Most Read Stories
Malice in wonderland: The Imelda Marcos story
The looking-glass world of Imelda Marcos comes under scrutiny in a documentary film.
Photo by Paolo Picones
It is a testament to her residual power that Imelda Marcos was able to get a court order to prevent a damning film about her to be shown in the Philippines. What other widow of a reviled dictator could get her way in the country that she pillaged?Consider the facts. She was found guilty of corruption and sentenced to a minimum of 12 years in prison in 1993.
The Philippine Supreme Court overturned the conviction.
The Marcos estate lost a class action lawsuit for human rights violations. A US Federal District Court awarded the plaintiffs $2 billion. The money has yet to be paid.
In 2003, the Philippine Supreme Court upheld a lower court ruling that found Imelda Marcos guilty of funneling $659 million to private Swiss bank accounts and awarded the entire amount to the Philippine government.
Over 150 other court cases are currently pending.
And in an ironic perversion of justice, Imelda Marcos receives a monthly pension of $90 from the Philippine government as a widow of a war veteran.
Imelda insists she did not give her permission for a film about her rise from beauty queen to Philippine First Lady.
“We have to stick to the truth because truth is God,” she said. “Many things were lifted out of context and insertions there were quite, sometimes malicious.”
She said she co-operated with the film because she thought it was for a thesis. Reportedly director Ramona Diaz was given 15 minutes. This stretched to five hours of the former First Lady speaking non-stop and playing video after video of media coverage of the Marcoses.
"Imelda" was given good reviews abroad and won best cinematography at the Sundance Film Festival in the US. Eventually Mrs Marcos allowed the showing of the film on condition that the director dropped the word “documentary” from the title. "Imelda" went on to become a smash Filipino hit, beating "Spider-Man 2" in theatres.
In the movie we are shown a mythology that Imelda has carefully cultivated. In the opening sequence she presents her world view in an engaging way. Still coquettish in her mid-70s, she leafs through a book she has written called "Circles of Life". The method in her madness breaks down later in the film when she illustrates with a marker pen her philosophy complete with apples, hearts and a Pac-Man. A Jesuit priest recounts how she presented the same to him non-stop for four hours. Bernice Ocampo, her niece, laments that Imelda’s downfall was brought about by flatterers, not true friends.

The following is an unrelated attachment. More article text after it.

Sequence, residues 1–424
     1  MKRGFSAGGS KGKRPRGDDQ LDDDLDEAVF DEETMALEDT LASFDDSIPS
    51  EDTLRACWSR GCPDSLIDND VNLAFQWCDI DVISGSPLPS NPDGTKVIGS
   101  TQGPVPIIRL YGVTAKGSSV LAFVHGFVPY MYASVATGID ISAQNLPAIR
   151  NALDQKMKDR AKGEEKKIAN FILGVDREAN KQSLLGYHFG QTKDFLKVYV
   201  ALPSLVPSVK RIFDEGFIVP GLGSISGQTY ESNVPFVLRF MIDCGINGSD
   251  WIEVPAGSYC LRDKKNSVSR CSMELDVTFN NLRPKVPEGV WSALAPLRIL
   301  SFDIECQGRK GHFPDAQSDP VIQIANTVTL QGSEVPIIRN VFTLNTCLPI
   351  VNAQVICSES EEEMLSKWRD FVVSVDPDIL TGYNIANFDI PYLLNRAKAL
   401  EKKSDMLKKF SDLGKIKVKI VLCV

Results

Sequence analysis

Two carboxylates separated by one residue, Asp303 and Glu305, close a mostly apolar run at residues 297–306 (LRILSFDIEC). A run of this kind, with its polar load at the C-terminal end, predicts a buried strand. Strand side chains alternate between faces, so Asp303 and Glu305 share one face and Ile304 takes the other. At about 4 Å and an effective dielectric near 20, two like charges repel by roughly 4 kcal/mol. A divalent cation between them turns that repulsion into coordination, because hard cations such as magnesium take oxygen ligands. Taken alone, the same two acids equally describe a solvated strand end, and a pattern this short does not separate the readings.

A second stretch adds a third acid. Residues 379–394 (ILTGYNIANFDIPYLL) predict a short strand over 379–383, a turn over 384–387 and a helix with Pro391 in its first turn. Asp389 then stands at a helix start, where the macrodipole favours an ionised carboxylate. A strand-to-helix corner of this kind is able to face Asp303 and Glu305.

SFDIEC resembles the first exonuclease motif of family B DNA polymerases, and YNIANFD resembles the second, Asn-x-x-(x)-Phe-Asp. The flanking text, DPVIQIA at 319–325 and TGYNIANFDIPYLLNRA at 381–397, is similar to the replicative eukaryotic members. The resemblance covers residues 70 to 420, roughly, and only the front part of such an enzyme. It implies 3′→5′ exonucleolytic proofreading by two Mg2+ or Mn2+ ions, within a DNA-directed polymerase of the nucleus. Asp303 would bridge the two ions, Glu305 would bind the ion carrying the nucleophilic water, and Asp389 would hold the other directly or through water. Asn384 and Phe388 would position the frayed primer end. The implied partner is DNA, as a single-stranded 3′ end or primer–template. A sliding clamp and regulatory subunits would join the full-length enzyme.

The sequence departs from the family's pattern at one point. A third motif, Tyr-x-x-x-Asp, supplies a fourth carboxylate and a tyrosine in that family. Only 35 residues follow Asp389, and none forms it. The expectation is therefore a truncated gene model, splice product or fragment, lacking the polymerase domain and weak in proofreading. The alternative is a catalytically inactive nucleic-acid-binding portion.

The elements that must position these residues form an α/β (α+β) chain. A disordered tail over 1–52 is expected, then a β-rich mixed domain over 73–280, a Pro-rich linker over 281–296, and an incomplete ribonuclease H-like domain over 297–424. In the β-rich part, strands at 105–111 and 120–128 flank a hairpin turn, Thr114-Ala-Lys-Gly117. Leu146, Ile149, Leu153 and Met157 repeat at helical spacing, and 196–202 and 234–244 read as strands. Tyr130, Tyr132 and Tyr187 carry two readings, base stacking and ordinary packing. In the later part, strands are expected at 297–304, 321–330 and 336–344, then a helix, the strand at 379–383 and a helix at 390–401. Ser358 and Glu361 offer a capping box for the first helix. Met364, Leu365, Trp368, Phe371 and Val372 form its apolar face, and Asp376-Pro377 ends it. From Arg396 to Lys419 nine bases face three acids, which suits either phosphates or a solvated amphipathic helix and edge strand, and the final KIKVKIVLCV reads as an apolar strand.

Imelda’s hubris knows no bounds. In her hometown of Tacloban, she has made a shrine to herself and Jesus Christ. The chapel on the first floor is lined with dioramas of her rise from being a little girl playing in the sand to becoming a heroine of her people helping the downtrodden. Upstairs visitors are shown her ornate bedroom which has walls completely covered in woven leather strips.
Her childhood friend Lettie Loksin is filmed saying that when she first met Imelda she thought she looked like the Virgin Mary — long-haired and beautiful. Another childhood friend recalls, “Imelda’s dresses were made of parachutes and bedsheets during the war. She did not mind as long as she had a new dress.”
We get Imelda’s spin on her own vanity when she boasts that as First Lady she took an hour to dress for kings and queens but she would take “double the time” if she was going to the provinces because the people needed “a standard, a star…especially in the dark of the night”.
In 1954, Imelda, met then-congressman Ferdinand Marcos in the cafeteria of the Philippine Congress and married him 11 days later. Ferdinand ran for president in 1964 and won by presenting himself and his wife as the John F Kennedys of Asia — young, fresh talent that was going to help the country advance. With the support of the US government, the Marcos’ hunger for power increased and in 1972, Ferdinand declared martial law.
This was, according to Imelda, for the good of the people. In the movie she describes the imposition of martial law in these words: “[The President] informed the family…. He called the little children together and he said the time has come [and] that what he had to offer for the survival of the country was more than life, it was honour…. because he was so democratically committed.” This is when most movie audiences laugh out loud.
Beauty vs Duty
Diaz lets Imelda do most of the talking in this film. As the powder compact-wielding maven tells us how she brought beauty to the Philippines, we get a cultural tour of Manila. Imelda, said to have an “edifice complex”, spent millions of dollars building structures for rich people in the capital city; in 1975 alone, she reportedly commissioned 14 luxury hotels, a multi-million-dollar Nutrition Center, a theatre, a convention centre, the Heart Center and the Lung Center, which did not benefit destitute Filipinos.
Everything Imelda did was, in her delusions — to benefit the common folk. “I had to be both star and slave,” she says in the movie, as Filipino journalists Pete Lacaba and Jo-Ann Maglipon report how they were imprisoned with “no trial, no charges, no nothing” and Jesuit priest Father James Reuter recounts the Marcos regime’s human rights violations.
An American journalist, the former ambassador to the Philippines, and the former assistant secretary of state for East Asian and Pacific affairs provide some American insight. They portray her as a superficial woman who lived it up while her people suffered. Dressed to the hilt, Imelda met US Presidents, danced with Henry Kissinger, went to Libya to talk to Muaamar Gaddafi and met the Pope.
The movie is at its best when comparing the diva’s recollections with others’ contradictory memories. “We have no human rights cases in the Philippines,” she insists, and Diaz cuts to witnesses who testify to the 70,000 political detainees over the years of the Marcos regime and to journalists who describe their own torture. “It is not expensive to be beautiful. It takes only a little effort,” says Imelda, and her couturier, Christian Espiritu, recalls seamstresses going blind from hand-embroidering thousands of her gowns day and night to meet her tight deadlines.